Susana Coreas

When Prism first reported on Susana Coreas in April, she was waylaid in Ciudad Juárez, Mexico, with 43 other trans women, all of whom were waiting for their opportunity to request asylum in the United States. Coreas first arrived in Mexico after migrating from El Salvador with a group of trans women in January 2020. But because of the double whammy of COVID-19 and the Trump administration’s anti-immigrant policies, Coreas couldn’t safely undergo the asylum process. 

So, Coreas waited out her time in Mexico by building Casa de Colores, a shelter for trans and gender non-conforming migrants waiting for their chance to request asylum in the U.S. Coreas was Casa de Colores’ unofficial house mother. The others at the shelter called her “mom” and relied on her for food, resources, friendship, and support. While Coreas did want to eventually leave the shelter to request asylum and see her son in Minnesota, she also feared leaving the other women behind. 

But that day came on May 4, and the circumstances weren’t ideal. Coreas and a handful of other trans asylum-seekers were given less than 24 hours notice to present themselves at the U.S.-Mexico bridge to request asylum. Not only that, none of them had sponsors in the U.S. As Prism previously reported, sponsorship is crucial for LGBTQ+ asylum-seekers because it shortens or eliminates the amount of time they have to spend detained.

Coreas now lives at a shelter in El Paso, Texas, because, though she did not have a sponsor, she had an attorney and was able to obtain parole—a form of release from detention for certain individuals, including asylum-seekers who demonstrate a credible fear of persecution if they are returned to their home country. A few weeks after arriving in the U.S., she spoke to Prism about what it was like to finally cross the border, her volunteer work, and her fears about the Biden administration. Here she is, in her own words: 

Six of us were given less than 24 hours to be at the border bridge to cross. It was so sudden, and we all felt very scared and anxious—especially me. I was in charge of [Casa de Colores] and I wanted to be the last one to leave so that I could take care of everything and close up the house. But it didn’t work that way. On May 4, I had to leave some of the girls behind and be at the bridge at 6 AM.

The hours leading up to the crossing were so stressful. I was trying to pack all of my belongings and trying to train [my friend] who was going to take care of the house when I left. I had so much to tell her about how to take care of things and what to do with medications we had for girls, but there just didn’t feel like there was enough time. I had to leave.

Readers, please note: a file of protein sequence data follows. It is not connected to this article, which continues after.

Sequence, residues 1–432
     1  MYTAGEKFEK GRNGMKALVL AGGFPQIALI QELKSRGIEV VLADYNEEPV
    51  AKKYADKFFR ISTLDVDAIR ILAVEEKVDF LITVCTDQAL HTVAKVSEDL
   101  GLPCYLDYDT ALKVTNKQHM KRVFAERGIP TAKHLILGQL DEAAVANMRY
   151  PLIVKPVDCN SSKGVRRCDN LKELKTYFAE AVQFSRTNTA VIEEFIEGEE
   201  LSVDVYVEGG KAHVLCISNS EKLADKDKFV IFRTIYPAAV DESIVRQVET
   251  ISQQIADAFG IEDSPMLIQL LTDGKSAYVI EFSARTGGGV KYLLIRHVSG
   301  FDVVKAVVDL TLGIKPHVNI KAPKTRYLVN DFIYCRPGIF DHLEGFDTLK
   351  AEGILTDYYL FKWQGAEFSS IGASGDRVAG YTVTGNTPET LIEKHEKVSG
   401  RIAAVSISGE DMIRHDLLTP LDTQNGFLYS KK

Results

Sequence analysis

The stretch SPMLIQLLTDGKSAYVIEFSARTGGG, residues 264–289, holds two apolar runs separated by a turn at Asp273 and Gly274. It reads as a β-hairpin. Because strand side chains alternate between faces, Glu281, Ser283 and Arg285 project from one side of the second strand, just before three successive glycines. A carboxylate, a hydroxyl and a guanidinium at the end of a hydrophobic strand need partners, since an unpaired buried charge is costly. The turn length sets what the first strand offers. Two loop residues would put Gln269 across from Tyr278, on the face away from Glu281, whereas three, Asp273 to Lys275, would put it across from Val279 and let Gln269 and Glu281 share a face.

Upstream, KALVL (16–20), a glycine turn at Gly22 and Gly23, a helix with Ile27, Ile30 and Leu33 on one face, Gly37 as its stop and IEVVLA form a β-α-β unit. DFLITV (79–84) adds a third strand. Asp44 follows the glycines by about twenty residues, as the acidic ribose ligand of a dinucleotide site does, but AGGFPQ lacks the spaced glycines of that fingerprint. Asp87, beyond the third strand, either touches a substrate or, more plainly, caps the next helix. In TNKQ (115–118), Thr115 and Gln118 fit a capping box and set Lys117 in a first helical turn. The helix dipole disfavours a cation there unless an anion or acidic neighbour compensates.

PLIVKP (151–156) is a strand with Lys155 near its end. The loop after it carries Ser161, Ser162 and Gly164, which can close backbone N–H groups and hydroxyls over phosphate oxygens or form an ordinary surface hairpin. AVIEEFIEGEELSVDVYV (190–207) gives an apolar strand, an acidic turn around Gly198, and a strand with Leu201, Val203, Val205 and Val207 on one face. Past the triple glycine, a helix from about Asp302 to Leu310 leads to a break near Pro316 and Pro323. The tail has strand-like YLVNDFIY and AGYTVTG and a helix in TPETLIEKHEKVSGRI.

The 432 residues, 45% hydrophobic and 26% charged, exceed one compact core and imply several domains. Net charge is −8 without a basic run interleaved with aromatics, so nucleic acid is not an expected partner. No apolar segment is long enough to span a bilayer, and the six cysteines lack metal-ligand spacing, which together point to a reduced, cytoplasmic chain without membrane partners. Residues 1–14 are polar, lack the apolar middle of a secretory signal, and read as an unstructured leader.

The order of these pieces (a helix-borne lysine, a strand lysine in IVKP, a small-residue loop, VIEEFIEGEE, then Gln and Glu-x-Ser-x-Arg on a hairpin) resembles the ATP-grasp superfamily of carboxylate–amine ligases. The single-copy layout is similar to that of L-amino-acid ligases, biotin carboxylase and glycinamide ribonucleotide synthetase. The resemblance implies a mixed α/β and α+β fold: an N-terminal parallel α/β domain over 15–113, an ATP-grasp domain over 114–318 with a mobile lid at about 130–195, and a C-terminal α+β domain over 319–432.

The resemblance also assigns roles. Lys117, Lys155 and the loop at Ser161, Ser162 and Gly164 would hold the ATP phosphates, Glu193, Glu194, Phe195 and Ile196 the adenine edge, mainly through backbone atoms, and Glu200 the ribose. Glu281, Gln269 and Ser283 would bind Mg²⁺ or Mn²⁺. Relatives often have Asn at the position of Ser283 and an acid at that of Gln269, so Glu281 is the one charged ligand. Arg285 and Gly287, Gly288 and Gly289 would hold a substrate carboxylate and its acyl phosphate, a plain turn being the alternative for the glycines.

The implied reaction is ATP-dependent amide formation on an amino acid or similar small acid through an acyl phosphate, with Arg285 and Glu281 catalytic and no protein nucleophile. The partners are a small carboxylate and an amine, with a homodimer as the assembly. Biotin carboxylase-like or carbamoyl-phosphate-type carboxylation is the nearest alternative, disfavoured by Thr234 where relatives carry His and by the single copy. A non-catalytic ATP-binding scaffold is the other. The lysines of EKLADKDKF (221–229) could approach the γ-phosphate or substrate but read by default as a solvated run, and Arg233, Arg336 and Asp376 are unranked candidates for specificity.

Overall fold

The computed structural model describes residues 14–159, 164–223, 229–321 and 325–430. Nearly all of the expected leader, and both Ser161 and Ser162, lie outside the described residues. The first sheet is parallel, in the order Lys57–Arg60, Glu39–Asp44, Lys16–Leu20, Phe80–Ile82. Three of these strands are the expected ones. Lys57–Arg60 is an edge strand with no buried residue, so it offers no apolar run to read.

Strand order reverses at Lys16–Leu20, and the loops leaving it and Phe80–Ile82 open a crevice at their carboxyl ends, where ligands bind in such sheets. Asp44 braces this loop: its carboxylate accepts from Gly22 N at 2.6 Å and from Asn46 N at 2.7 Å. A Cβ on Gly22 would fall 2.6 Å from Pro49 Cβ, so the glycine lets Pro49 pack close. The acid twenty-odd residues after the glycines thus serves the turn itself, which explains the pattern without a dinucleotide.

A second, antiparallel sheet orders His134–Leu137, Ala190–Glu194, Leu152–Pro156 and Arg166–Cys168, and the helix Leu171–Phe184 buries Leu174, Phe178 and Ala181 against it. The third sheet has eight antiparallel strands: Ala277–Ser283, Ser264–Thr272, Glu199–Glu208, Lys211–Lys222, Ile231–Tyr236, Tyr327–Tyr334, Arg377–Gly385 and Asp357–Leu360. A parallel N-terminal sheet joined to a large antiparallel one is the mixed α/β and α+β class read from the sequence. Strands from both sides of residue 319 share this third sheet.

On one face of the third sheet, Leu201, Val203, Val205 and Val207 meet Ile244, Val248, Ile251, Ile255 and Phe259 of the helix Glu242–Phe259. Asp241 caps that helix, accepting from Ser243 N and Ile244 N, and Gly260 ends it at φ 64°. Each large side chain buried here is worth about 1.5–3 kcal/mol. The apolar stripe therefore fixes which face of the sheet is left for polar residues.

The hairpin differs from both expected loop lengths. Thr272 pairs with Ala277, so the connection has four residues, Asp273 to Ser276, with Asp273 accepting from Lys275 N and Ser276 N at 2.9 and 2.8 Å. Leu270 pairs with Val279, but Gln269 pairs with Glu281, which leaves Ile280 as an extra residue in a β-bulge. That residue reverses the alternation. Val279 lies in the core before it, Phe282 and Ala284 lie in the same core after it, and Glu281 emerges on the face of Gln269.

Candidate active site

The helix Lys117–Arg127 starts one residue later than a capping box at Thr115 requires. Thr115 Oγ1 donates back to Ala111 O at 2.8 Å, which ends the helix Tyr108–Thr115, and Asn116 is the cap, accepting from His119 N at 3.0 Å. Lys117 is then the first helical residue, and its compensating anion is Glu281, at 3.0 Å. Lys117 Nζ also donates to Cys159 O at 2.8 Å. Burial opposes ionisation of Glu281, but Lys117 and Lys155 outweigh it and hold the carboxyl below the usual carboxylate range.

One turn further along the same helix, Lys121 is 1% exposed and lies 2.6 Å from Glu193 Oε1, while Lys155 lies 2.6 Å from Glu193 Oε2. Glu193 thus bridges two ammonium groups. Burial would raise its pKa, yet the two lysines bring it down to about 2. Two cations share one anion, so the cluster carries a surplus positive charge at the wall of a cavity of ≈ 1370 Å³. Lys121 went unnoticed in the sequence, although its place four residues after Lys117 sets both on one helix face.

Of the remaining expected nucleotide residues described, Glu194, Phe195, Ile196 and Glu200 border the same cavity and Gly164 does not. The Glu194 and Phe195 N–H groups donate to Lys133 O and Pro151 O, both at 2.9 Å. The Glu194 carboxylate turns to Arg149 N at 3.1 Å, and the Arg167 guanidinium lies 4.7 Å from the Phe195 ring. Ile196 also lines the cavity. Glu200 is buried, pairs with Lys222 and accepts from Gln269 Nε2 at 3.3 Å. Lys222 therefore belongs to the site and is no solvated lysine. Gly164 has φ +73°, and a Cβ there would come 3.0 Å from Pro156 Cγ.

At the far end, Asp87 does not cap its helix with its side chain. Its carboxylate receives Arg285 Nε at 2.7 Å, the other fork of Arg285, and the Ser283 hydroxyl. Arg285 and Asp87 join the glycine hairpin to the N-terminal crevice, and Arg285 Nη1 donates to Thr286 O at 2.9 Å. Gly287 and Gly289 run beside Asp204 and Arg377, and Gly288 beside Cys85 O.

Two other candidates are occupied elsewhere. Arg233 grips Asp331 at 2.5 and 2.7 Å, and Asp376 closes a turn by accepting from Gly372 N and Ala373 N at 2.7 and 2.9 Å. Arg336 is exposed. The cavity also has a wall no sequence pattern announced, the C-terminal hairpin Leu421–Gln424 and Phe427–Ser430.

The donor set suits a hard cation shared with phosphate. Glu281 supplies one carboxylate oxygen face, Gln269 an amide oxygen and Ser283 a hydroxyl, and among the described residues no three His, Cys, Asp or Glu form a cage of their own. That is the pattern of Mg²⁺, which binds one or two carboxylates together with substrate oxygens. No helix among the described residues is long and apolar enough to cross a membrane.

When I got to the bridge, I didn’t feel afraid of Border Patrol. They just took my documents and processed me. I was detained for a little bit, but I was released to my attorney on parole. Now I am living at a shelter in El Paso. 

My feelings about being in the U.S. go up and down. Of course I am happy, but it’s hard not to think about the girls that I left in Mexico. I want them to be safe and take care of themselves. I worry about them. When I left, that was their first time there without me. But I was also excited to make the journey and finally see my son in Minnesota. We were so happy to see each other. We spent two weeks together and we talked for hours and hours and went to the zoo and the museum. It was a great time. He wanted to come back with me to El Paso, but he’s trying to [adjust his status to be a lawful permanent resident] and he couldn’t travel; he was afraid of being deported. I couldn’t stay with him in Minnesota because of my immigration situation.

I don’t know if people understand what it means to be on parole, but I cannot work in the U.S. I do not have work authorization. Me and the other girls are waiting for our court dates to see what happens and to see if we can work, but that will take at least eight months. Some people decide to work because they don’t have a shelter; they need to eat and pay their bills and pay rent. But working puts them in danger because if immigration finds out they are working, they will be deported. If you work without permission, you are taking a risk. But people have families who need money. For them it’s like they have no choice; they have to work. Many immigrants do this. They get fake paperwork so that they can work. The employer knows [the documents are fake]. Everybody knows, but it is only dangerous for the immigrants because they are the ones that will get deported.